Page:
UNI’s #WDDW message: “Let’s demand wage justice today and every day”


UNI’s #WDDW message: “Let’s demand wage justice today and every day”

On October 7th, World Day for Decent Work, UNI Global Union is standing with workers on every continent who are demanding wage justice amidst a cost-of-living crisis.

According to the ITUC, more than half of households worldwide are struggling to get by and 10 per cent cannot meet the cost of essentials. Millions are going hungry, enduring lack-of-heating, facing homelessness or rationing medicines. Millions more face the stress and uncertainty of economic precarity.

This crisis has pushed workers to the brink and into action.

In UNI Global Union’s #WDDW2022 message, General Secretary Christy Hoffman said:

“This inflation is not driven by wages. In fact, the reverse is true. In country after country—North and South—our wages are not keeping up with inflation. Real wages are in decline.

“The truth is that corporate profiteering plays a big role in these rising prices. Studies from all continents, and even the European Central Bank, link inflation to increased profits—not our wages. In fact, many companies—and especially those in food and energy—are enjoying windfall profits.

“And second, let’s not buy the technical argument that inflation can only be tamed by raising interest rates, reducing government spending and increasing unemployment. This is an attempt to engineer a recession in order to curb our bargaining power and give cover to corporate interests who want to roll back any gains.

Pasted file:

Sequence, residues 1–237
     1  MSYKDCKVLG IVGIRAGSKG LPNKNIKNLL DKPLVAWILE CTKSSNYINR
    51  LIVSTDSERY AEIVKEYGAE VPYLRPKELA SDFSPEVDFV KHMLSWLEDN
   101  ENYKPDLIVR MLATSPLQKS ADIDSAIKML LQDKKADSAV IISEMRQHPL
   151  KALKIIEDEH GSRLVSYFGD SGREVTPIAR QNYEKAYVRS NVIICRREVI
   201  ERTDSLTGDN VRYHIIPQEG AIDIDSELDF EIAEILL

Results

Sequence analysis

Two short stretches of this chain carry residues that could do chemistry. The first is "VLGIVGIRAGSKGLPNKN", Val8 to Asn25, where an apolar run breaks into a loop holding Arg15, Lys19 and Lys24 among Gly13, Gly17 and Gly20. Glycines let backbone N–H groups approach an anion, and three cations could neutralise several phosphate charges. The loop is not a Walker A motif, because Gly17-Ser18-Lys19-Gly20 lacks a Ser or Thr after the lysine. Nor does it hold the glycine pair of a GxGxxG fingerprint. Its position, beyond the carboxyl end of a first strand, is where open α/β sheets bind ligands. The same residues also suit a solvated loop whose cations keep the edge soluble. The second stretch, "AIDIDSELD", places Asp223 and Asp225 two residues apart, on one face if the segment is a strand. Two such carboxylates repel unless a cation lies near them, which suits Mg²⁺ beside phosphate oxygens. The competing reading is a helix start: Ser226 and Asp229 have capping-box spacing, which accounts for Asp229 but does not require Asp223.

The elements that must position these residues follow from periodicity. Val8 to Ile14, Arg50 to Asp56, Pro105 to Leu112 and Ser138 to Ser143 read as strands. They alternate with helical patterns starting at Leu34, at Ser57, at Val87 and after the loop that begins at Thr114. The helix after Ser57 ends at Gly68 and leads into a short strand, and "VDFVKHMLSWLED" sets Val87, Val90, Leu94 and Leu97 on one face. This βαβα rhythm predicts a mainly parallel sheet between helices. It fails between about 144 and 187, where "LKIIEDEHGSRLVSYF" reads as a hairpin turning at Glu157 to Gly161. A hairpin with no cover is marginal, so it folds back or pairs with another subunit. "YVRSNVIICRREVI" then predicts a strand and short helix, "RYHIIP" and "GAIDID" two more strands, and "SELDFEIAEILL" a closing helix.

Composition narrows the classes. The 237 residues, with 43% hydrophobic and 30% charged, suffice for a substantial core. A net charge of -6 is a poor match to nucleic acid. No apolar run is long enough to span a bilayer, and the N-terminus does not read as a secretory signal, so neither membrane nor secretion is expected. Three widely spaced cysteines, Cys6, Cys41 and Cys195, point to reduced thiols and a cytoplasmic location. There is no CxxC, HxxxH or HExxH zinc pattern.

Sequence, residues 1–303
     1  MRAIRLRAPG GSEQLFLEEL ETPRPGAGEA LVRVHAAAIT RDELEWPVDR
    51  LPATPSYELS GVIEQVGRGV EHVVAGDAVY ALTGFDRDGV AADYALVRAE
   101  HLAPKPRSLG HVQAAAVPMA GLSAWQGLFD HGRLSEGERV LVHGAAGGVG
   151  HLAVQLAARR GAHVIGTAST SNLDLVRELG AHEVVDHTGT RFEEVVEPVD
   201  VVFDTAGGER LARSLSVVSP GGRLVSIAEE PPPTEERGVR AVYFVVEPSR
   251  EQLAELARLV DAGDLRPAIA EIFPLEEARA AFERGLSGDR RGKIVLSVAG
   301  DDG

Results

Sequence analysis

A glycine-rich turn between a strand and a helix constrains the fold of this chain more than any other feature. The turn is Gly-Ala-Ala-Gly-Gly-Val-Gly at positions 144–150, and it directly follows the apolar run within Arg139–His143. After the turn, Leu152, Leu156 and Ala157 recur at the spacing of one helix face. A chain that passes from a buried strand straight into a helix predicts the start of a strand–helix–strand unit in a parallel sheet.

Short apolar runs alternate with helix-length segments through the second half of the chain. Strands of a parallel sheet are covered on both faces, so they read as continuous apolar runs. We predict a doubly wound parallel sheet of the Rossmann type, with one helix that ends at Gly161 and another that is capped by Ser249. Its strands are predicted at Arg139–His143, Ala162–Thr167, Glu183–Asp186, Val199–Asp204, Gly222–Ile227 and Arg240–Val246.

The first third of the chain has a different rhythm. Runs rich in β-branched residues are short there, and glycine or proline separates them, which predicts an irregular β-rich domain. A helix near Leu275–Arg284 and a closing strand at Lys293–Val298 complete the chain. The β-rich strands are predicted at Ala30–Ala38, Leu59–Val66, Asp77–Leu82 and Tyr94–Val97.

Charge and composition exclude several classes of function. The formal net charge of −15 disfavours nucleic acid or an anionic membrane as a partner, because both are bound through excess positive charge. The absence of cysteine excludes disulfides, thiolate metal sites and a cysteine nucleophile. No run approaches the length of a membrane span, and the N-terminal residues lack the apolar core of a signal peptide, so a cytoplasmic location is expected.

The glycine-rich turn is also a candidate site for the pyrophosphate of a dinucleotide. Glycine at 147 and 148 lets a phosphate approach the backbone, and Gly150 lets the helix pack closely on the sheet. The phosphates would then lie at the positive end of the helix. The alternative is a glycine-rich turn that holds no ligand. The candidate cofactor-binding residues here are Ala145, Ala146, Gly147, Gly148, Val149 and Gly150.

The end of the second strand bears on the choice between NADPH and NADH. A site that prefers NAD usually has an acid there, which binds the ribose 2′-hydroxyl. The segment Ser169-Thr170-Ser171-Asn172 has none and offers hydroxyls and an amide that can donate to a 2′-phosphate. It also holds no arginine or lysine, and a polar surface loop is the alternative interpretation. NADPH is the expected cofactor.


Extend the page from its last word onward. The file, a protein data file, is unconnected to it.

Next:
“After decades of flat wages and a falling labour share, it’s time to reverse that trend. Let’s demand wage justice today and every day.”

Unions around the world are doing just that.

In the United Kingdom, over 170,000 CWU postal and telecoms members have taken strike actions for fair wages. Thousands of Telmex workers walked off the job this summer for higher wage and respect for their collective agreement. In Germany, ver.di Amazon warehouse workers put down their scanners and parcels in protest of low salaries.

“If Amazon makes Prime membership 28 per cent more expensive and justifies this with rising costs, then we have these rising costs too and want compensation for it,” one over.di representative said.

And workers are winning.

More than 20,000 Korean finance workers also went on strike—and won a significant pay rise. After weeks of mobilization, unions in Spain are at the bargaining table with Correos, the national postal service. Years of struggle helped push H&M in Peru to negotiate a first collective agreement with workers that includes a backdated pay rise. Over 2,000 long-term care workers, members of SEIU Healthcare Pennsylvania in the United States, gained a raise after the longest nursing home strike in the union’s history.

However, as staggering statistics about growing inequality show, more must be done.

“Our governments should be taxing the rich, controlling prices and investing in public services. We need real collective bargaining and a new social contract so that we can rise together,” Hoffman concluded.

Read the ITUC’s World Day for Decent Work statement here.




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